Testing for SARS-CoV-2 in your Setting
COVID-19 Testing should begin with the determination of Who Should Get Tested. As a Health Care Professional (HCP), your goal is to have all the information you need, including information about diagnostic, serological, and lab testing options for SARS-CoV-2. In considering who should get tested, the CDC is recommending the following considerations at the minimum. First, people who have symptoms of COVID-19 should be tested. People who have close contact with a confirmed case of COVID-19 can be tested, even if they present asymptomatic. Lastly, as their HCP provider, your patients who have been asked or requested individuals to be referred to get testing performed should be tested. This clinical judgment can be based on symptomatic or asymptomatic individuals. Also, consider those persons under investigation, required inpatient stay, or even upcoming outpatient procedure. Lastly, as an HCP provider, you may want to look at the seroprevalence of a population. Special populations of healthcare workers, pregnant women, and medical practice populations may consider routine testing to determine the presence of infection or evidence of past infection immunity.
The hallmark symptoms of this virus – coughing, shortness of breath, fever, and loss of taste or smell –the first thing your patients need to do is get a test.
Before looking at testing your chosen population, protect yourself and others by wearing a mask, wash hands often, stay 6 ft from others as often as you can. Testing is currently achieved in two different ways. The first is viral testing, including nucleic confirmation diagnostic tests such as PCR and antigen testing, determining if you have the SARS-CoV-2 virus active in your body and typically indicates you have an active infection. Antigen tests are immunoassays that detect a specific viral antigen, which implies current viral infection. Antigen tests are currently authorized to be performed on nasopharyngeal or nasal swab specimens placed directly into the assay’s extraction buffer or reagent. The second is an antibody test, which could indicate if you had a past infection, and it has been shown to take between 1-3 weeks after infection for proper detection. The presence of antibodies that help fight off infections can provide immunity protection against reinfection.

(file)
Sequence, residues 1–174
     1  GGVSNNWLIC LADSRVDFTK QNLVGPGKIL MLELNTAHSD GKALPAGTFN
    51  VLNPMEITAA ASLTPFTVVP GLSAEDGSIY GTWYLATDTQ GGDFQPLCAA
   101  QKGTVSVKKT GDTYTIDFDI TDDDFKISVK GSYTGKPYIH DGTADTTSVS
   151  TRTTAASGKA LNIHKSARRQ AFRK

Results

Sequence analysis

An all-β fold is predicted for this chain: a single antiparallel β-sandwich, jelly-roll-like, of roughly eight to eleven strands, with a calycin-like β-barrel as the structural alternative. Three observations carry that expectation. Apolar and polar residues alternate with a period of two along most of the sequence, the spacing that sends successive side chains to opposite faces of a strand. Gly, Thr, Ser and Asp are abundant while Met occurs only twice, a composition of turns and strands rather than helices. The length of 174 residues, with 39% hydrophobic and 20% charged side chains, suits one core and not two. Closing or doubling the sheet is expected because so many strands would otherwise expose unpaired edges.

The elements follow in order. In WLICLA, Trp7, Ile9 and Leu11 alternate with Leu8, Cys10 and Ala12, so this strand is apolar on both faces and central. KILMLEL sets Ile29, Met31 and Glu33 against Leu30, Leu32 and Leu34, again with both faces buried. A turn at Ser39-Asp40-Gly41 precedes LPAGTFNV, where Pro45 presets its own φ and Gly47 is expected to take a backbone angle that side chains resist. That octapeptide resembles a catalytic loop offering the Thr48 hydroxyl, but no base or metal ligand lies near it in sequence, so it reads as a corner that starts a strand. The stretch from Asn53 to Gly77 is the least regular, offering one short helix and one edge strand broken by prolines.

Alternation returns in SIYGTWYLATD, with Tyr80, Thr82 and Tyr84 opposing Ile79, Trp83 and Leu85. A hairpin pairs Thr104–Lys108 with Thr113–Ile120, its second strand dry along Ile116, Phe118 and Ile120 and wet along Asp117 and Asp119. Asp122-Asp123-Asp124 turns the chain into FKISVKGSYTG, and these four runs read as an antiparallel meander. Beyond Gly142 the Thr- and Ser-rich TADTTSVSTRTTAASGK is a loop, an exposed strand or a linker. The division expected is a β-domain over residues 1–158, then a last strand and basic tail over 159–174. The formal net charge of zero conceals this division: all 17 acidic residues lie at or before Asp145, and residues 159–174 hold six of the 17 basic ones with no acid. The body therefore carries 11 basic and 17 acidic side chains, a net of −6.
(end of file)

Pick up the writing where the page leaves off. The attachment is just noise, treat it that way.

According to the CDC, Antibody tests should not be used to diagnose a current infection, and all nucleic testing protocols can indicate that you are infected only at the time of testing. Therefore, it is possible and maybe even ideal for testing windows to exist, to help determine infection and help reduce coronavirus spread. Below is an estimate of general biomarker levels during the typical progression of COVID-19/SARS-CoV-2 infection. Please note that this is purely illustrative and should not be used as a primary reference. Refer to the CDC website for tools to help “Stop the Spread,” a self-checker and reporting guidelines. (https://www.cdc.gov/coronavirus/2019-ncov/symptoms-testing/testing.html). CDC also provides clinical guidelines.
What is the Difference Between Antibody Tests and Diagnostic Tests?
Antibody tests cannot be used to confirm if you currently have the virus, while diagnostic tests cannot confirm if you have immunity to the virus. Both are equally important. A forward-thinking concept of Dual Testing has been looked at in research. At first, antibody testing was thought to aid diagnostic testing in diagnosing infection with those who present late. However, it was discovered that false-negative testing and the need for repeated testing in patients with suspicion of SARS-CoV-2 infection given that up to 54% of COVID-19 patients may have an initial false-negative RT-PCR (doi: https://doi.org/10.1101/2020.04.16.20066787).
In consideration of specific populations, remember it has been shown that the sensitivity of PCR testing is impacted by the timing of sample collection and sampling technique. For example, those undergoing surgery experienced higher mortality rates if the procedure occurs during the incubation period (doi: https://doi.org/10.1016/j.eclinm.2020.100331).
Protecting healthcare workers, outpatient procedures, and patient populations of medical practices can have a unique Dual Test opportunity. The Methodist Health system discovered delaying surgeries in some serology patients with a negative PCR test, even without symptoms who are unlikely to be currently infected. However, with Antigen Testing, a reliable test is available to distinguish who is currently infected. Although uncertainty remains, with this approach, almost by definition will need to pivot as the prevalence of population exposure increases. Our knowledge increases about antibody persistence and titer relevance, and as vaccination impacts these results and their interpretation. As a healthcare provider, familiarize yourself with CDC plans, which can be found on this website. https://www.cdc.gov/vaccines/covid-19/vaccination-resources.html.